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It is no secret that Facebook has identified mobile as the platform of the future. In the investor call held to announce the WhatsApp acquisition, Mark Zuckerberg categorically stated that the company has tried over the last couple of years to position itself as a strong mobile player. Statements such as this have been part of recent spiel of almost all top Facebook executives.
Facebook’s $19 billion acquisition of IM service WhatsApp has caused some eyebrows to be raised, with the more sardonic not failing to point out that the size of the deal is greater than the GDP of Iceland
Most detractors of the deal also point out to the alleged Facebook interest in Snapchat last year. Facebook first courted WhatsApp back in 2012 but were rebuffed, which caused Zuckerberg to turn his attention to Snapchat, the largest mobile IM network in the US with almost no presence in other geographies. Conversely, WhatsApp has a strong presence in Asia and Europe, but isn’t that well known in the US.
Facebook had allegedly offered Snapchat founders Evan Speigel and Robert Murphy a tune of $3 billion dollars, which, if compared to the cash component of the WhatsApp deal, is $1 billion less. Of course, there is the matter of nearly $15 billion in Facebook shares and RSUs, but it is a more strategic buy with more long-term, global value. Also, WhatsApp’s user base and other statistics are well known and available, which is not the case with Snapchat.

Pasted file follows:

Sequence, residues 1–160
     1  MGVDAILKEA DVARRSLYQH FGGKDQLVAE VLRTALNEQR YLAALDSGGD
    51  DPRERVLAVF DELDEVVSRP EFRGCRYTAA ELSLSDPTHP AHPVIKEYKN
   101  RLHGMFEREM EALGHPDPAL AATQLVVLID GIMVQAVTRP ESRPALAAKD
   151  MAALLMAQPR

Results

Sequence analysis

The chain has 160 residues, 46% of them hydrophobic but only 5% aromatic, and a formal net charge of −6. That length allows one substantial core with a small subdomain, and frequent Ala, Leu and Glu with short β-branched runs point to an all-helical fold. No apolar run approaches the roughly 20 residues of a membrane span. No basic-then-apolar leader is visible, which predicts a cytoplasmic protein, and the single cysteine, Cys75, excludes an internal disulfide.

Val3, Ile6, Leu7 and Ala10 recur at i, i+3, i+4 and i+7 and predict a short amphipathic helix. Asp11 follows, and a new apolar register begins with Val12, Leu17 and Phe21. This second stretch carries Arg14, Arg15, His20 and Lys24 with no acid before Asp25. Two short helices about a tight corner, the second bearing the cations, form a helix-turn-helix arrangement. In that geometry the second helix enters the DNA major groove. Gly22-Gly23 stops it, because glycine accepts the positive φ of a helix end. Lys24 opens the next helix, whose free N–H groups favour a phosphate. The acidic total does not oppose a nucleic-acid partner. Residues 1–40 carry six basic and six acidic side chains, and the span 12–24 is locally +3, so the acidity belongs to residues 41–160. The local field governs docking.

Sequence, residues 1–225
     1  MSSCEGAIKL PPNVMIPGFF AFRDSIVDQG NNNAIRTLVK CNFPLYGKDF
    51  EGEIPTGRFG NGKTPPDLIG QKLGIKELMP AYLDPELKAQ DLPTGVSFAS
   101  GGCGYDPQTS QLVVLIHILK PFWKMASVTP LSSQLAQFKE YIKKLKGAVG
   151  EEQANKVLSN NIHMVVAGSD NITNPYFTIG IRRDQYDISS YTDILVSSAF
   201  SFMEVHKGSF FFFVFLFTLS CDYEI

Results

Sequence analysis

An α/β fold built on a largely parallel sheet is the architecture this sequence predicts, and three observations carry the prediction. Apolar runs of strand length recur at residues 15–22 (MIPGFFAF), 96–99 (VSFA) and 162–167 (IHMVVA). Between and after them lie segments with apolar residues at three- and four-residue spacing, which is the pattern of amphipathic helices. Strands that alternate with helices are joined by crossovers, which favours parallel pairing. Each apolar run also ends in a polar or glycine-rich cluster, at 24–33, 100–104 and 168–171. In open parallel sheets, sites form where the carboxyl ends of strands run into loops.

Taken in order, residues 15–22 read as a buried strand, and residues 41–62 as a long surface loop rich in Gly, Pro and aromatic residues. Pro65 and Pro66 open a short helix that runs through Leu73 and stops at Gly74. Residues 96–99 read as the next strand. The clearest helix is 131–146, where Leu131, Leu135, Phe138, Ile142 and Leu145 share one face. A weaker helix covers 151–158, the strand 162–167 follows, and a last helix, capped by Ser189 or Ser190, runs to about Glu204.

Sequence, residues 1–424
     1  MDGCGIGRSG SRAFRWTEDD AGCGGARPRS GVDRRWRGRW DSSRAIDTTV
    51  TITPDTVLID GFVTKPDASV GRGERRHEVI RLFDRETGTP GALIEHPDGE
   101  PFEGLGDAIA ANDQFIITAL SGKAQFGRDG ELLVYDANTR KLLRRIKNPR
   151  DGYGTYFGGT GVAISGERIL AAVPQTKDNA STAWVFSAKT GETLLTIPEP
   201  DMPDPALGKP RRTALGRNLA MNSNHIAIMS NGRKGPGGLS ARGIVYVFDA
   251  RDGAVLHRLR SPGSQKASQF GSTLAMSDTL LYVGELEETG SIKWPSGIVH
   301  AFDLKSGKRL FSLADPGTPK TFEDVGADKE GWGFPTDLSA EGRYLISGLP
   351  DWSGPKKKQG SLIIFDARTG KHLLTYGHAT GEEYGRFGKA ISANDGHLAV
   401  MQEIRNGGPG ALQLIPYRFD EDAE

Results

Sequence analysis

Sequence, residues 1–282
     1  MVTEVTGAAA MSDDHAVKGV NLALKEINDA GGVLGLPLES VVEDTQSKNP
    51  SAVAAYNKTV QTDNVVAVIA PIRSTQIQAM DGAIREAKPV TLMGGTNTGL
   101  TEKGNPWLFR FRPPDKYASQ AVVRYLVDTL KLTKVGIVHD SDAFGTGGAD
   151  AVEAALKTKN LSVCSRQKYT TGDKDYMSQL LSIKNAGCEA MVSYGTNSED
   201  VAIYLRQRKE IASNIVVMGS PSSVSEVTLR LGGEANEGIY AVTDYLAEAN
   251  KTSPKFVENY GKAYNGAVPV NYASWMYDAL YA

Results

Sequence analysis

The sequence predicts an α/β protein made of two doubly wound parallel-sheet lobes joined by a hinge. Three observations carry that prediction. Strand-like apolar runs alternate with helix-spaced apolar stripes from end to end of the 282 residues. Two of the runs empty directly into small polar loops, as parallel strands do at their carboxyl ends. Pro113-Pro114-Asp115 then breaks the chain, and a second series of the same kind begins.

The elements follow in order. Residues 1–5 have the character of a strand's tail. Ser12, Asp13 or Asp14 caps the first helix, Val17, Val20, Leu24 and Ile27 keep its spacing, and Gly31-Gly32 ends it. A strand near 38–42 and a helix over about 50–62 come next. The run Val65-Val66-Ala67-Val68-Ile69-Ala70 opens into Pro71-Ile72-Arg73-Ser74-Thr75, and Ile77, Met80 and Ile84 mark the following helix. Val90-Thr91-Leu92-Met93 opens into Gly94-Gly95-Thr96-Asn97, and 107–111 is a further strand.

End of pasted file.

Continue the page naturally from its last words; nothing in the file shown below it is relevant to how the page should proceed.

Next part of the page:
A strategic move
What WhatsApp gives Facebook is an entry into the fastest growing platform in the world currently as well as the latest trend in it – mobile instant messaging. “Of all the acquisitions that Facebook has made, WhatsApp makes most sense,” said Preetham Venkky, Business Head (Asia), KRDS. “Facebook has not been able to grow users through mobile, while WhatsApp has been able to do this very quickly. WhatsApp has a more global appeal and they now have the opportunity to bring it to the US too.”
The high price has definitely baffled some other mobile advertising experts. Musing on the $19 billion price tag, Abhay Doshi, VP (Product Management & Marketing), Flytxt said that he saw it more as a way of killing the competition than actually acquiring a prospect. “WhatsApp has no revenue model, so it cannot be about the money. If you are paying $19 billion for something, then you would at least expect $2 billion-$3 billion in topline a couple of years. Maybe they (Facebook) believe that the revenue potential of WhatsApp is much higher and this could be possible as a ‘one-to-one’ model,” he added.
The problems with conventional business models for WhatsApp
The question of what exactly Facebook plans to do with WhatsApp has been the topic of quite some discussions among analysts. After all, WhatsApp’s co-founders have been dead set against intrusive advertising since its inception and Jan Koum, during the announcement call, made it clear that this policy is set to continue. On the other hand, ad revenue is the main (if not the only) source of Facebook’s revenues.
The simplest option of course is that WhatsApp continues with its subscription model. With the service adding 1 million users a day and expected to reach 1 billion subscribers in a couple of years, it’s a readymade revenue stream. Currently, there is no data available on how much money WhatsApp earns from subscription and how many users will actually subscribe to the service once it becomes paid after a year. Also, WhatsApp does not have a consistent subscription model in all geographies. Combined this with Facebook’s ‘freebie’ attitude, one could not think of two more different companies to form a partnership.